AutoAuto’s vision is to disrupt our educational system so students are prepared and excited about the future technological job market. There is an artificial intelligence revolution underway changing the landscape of jobs, but today’s educational institutions have been slow to modernize and too often are preparing students for jobs that will be obsolete by the time they graduate.
In a world where learning to program will be as important as learning to speak your first language, AutoAuto will bring this opportunity to every kid. Just as you need to communicate with people to navigate in this world today, you will also need to know how to communicate with machines to navigate our world of the future. With AutoAuto at the helm, the classroom will be led by a symbiotic relationship between teachers and technology. Teachers’ roles will change. Technology will enhance and support teachers by delivering curricula, while teachers will guide the learning process with a philosophical approach making students better learners. And our students are all the better for it.
"We are now at a point where we must educate our children in what no one knew yesterday, and prepare our schools for what no one knows yet."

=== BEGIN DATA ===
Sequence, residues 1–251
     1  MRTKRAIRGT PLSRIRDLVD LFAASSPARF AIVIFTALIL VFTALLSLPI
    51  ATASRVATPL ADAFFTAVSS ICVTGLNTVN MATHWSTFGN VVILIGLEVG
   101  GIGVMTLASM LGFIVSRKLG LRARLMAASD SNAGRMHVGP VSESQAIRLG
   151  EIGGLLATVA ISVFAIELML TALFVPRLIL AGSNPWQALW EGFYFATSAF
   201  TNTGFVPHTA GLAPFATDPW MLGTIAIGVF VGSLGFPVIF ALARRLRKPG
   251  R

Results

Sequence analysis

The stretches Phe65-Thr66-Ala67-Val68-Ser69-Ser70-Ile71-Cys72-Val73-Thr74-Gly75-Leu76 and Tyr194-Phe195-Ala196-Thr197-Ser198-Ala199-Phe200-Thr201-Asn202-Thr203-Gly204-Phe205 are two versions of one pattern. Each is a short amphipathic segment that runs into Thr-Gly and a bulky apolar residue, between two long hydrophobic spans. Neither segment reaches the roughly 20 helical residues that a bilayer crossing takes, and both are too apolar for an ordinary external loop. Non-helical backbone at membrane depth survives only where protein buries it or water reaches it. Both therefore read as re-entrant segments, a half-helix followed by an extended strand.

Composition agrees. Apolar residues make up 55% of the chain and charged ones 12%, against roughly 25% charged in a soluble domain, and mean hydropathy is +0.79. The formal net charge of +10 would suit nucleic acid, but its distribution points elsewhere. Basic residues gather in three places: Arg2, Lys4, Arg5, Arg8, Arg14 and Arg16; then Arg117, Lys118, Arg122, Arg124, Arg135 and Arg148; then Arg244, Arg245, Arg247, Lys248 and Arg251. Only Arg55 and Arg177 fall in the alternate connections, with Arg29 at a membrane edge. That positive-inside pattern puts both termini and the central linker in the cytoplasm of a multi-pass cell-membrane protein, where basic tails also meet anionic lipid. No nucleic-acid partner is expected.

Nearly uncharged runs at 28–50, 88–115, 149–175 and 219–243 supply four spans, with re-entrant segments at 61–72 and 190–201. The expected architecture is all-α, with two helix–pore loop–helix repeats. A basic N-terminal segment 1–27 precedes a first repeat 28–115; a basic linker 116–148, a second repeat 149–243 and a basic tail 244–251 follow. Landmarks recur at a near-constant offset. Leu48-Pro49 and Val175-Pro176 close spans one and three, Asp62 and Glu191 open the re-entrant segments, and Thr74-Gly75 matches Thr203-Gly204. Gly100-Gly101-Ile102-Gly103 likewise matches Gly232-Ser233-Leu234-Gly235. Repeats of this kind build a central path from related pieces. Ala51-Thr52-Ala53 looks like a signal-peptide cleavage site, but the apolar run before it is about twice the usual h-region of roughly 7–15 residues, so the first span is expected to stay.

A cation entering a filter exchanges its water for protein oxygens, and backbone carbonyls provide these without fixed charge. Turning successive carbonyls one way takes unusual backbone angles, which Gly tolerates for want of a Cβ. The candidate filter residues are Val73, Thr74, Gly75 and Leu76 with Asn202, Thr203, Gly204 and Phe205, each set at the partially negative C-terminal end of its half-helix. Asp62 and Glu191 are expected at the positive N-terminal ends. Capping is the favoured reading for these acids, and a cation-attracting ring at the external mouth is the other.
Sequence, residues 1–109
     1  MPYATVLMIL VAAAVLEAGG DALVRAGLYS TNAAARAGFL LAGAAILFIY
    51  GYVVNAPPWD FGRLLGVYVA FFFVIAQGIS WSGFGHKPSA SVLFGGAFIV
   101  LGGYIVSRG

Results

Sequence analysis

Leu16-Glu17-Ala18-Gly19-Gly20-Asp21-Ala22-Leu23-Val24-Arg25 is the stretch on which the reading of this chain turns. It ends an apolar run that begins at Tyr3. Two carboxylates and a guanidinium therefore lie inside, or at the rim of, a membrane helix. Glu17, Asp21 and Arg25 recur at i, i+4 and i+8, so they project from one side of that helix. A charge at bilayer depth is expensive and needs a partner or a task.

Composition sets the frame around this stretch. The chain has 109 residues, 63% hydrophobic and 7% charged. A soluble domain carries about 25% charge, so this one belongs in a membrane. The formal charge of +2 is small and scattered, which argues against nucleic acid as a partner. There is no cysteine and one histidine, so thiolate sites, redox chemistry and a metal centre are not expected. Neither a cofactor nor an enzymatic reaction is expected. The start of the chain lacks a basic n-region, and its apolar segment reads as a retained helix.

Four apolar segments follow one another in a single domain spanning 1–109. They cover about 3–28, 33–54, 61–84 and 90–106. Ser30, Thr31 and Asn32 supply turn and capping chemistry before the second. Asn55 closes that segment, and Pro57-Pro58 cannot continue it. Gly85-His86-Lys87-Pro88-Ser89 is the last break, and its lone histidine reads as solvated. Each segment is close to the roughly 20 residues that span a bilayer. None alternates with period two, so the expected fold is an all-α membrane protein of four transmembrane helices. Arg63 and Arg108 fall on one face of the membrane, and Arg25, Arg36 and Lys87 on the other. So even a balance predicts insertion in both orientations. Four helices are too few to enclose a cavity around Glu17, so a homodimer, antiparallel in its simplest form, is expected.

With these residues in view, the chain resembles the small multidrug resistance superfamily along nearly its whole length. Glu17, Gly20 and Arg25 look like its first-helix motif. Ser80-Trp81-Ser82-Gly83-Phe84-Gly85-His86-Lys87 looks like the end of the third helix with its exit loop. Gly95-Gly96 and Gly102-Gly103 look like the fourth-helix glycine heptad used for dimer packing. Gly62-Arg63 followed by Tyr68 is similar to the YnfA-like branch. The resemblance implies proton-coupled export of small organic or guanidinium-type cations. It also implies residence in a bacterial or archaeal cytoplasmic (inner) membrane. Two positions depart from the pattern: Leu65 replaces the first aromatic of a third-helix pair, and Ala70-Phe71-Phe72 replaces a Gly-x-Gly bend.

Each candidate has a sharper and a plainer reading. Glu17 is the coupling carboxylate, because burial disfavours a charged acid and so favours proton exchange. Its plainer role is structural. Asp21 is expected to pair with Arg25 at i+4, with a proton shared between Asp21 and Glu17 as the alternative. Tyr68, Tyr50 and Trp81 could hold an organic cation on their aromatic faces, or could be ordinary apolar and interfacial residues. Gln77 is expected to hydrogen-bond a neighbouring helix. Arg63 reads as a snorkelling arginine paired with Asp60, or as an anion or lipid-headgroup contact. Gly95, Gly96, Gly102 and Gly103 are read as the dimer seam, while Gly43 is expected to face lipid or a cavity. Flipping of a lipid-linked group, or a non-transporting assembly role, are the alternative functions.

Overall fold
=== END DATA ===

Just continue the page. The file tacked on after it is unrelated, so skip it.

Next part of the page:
- Margaret Mead
"...we hope to avail the State of those talents which nature has sown as liberally among the poor as the rich, but which perish without use if not sought for and cultivated."
- Thomas Jefferson
“The world will never starve for want of wonders; but only for want of wonder.”
- G.K. Chesterton
A “digital divide” exists for millions of students who lack access to resources that can nurture their enthusiasm for STEM-related subjects.
Learning about technology can be hard, and making the leap from beginner-level to proficiency is often ill-defined and poorly facilitated.
How our content platform and curriculum tackles these problems →
According to the U.S. Bureau of Labor Statistics, career opportunities in the fields of science, technology, engineering, and math (STEM) are projected to increase by about 1 million jobs by 2022, but the number of American college graduates qualified and expected to fill these roles is still falling short.
The U.S. Department of Education reports that “only 16 percent of American high school seniors are proficient in math and interested in a STEM career. Even among those who do go on to pursue a college major in the STEM fields, only about half choose to work in a related career.”
The most recent report from the Program for International Student Assessment (PISA) ranked the U.S. 35th out of 64 countries in math and 27th in science. Among the 35 countries belonging to the Organization for Economic Cooperation and Development (OECD), the U.S. ranked 27th in math and 20th in science.
A recent report published by the National Science Foundation found that students from underprivileged backgrounds continue to lag behind their more privileged peers, limiting them from opportunities to be exposed to and to grow in STEM subjects that can lead to intellectually stimulating and rewarding careers.